Monday, March 30, 2009

Transfer of Property Incident to Divorce: Tax Benefit

Many of us have worked on cases where the ultimate property settlement was hampered due to lack of liquidity. This often occurs in families where the most significant asset is either a closely held business or real estate.

Often one of the parties requests that the ultimate disposition of these non-liquid assets be finalized some time in the future when the closely held business or real estate interest is sold. He or she further posits that the real value of these assets will only be known with certainty at the time of sale.

Although this is a strong argument, this is often described as a “RFD” (recipe for disaster). There is a significant tax reason not to delay the property settlement until the ultimate sale.

The Internal Revenue Code states that “no gain or loss is recognized to the transferor on a transfer of property between spouses or between former spouses incident to a divorce, nor is the value of the property included in the gross income of the transferee”.

A property transfer is deemed to be incident to a divorce if
* The transfer occurs within one year after the date the marriage ends, OR
* The transfer is related to the ending of the marriage

A property transfer is related to the ending of the marriage if
* The transfer is made under the original or modified divorce or separation instrument, AND
* The transfer occurs within six years after the date the marriage ends.

This tax free transfer of property between divorcing parties is a tremendous tax benefit. If the ultimate transfer does not occur under these rules, the tax consequences could be devastating. For example, let’s assume 50% of the proceeds from the sale of a closely held business are transferred to a former spouse outside the requisite time period. Let’s further assume the company originally cost $100,000 and is valued at $400,000 at the time of the transfer. Tax will be owed on 50% of the $300,000 gain ($400,000 less $100,000) by the transferor. Even if the tax is incurred at capital gains tax rates, the tax is unnecessary.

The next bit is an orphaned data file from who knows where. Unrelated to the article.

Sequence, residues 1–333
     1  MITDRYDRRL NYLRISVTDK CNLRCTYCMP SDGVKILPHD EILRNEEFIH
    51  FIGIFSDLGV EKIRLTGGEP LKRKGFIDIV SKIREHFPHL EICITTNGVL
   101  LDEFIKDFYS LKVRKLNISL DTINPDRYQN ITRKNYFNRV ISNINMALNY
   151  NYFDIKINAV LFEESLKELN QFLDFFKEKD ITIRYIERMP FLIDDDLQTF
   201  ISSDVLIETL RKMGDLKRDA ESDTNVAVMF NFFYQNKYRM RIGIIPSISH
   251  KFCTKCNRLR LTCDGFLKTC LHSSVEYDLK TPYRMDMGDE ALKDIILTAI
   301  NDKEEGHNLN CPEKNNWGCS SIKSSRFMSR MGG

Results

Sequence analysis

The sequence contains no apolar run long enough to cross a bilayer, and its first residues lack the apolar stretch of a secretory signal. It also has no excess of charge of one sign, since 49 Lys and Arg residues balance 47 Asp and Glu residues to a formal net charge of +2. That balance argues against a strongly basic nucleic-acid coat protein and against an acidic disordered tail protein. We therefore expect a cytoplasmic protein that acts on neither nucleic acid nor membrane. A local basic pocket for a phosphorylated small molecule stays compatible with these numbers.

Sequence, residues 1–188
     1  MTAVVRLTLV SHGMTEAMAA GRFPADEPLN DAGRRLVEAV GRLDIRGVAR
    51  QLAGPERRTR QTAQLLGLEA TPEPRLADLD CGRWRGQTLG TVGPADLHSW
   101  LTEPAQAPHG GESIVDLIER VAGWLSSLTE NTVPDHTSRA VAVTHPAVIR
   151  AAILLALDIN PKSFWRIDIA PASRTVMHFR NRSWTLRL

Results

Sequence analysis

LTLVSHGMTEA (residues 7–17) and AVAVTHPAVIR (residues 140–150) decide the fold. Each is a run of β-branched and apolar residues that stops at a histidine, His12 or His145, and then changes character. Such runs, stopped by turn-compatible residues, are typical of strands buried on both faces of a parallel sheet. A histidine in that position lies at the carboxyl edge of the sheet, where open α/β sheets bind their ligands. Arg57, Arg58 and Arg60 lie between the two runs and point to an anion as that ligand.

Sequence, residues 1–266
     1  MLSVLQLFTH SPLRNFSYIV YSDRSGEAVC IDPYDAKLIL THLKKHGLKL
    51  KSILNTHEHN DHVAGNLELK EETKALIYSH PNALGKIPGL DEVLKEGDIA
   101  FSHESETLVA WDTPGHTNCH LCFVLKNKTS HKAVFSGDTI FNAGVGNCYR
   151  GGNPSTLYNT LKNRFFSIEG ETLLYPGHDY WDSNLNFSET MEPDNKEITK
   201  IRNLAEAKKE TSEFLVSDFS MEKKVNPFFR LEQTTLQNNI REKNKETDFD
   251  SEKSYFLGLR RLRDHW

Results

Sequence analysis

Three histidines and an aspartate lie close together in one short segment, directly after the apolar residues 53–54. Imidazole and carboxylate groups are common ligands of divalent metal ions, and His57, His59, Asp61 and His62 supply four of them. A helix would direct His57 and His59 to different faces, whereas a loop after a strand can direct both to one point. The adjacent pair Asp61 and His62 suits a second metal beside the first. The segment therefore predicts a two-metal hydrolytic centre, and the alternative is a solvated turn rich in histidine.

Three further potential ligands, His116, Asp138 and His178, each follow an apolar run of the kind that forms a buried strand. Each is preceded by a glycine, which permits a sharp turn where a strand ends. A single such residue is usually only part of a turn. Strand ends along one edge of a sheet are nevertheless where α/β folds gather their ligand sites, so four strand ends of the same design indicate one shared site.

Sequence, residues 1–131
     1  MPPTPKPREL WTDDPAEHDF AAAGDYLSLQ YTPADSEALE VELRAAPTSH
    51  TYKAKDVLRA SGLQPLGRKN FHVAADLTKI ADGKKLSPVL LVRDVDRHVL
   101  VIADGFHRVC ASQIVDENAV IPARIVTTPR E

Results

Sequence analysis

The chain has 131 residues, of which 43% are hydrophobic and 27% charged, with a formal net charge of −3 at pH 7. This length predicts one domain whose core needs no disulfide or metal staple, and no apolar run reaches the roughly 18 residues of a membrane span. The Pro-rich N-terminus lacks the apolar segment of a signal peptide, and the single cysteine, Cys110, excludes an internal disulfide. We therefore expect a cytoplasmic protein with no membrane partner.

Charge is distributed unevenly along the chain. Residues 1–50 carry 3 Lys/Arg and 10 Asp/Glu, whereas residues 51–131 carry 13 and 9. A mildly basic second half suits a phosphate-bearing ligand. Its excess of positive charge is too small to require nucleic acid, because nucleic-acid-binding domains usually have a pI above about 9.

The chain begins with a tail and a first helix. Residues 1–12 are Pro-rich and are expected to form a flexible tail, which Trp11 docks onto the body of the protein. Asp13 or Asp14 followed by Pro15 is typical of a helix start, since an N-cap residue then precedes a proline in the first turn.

Friday, March 27, 2009

The Domino Effect of The Current Economic Crisis

The deepening recession, increased unemployment, and a stalled housing market have negatively impacted most of our clients’ financial situations. Many clients’ homes are underwater because of declining values. Other divorcing couples who are fortunate enough to have equity in their most significant marital asset, their home, can not sell their house. Combine that with the plummeting values of retirement accounts, and we are looking at marital asset balance sheets that are nothing less than bleak.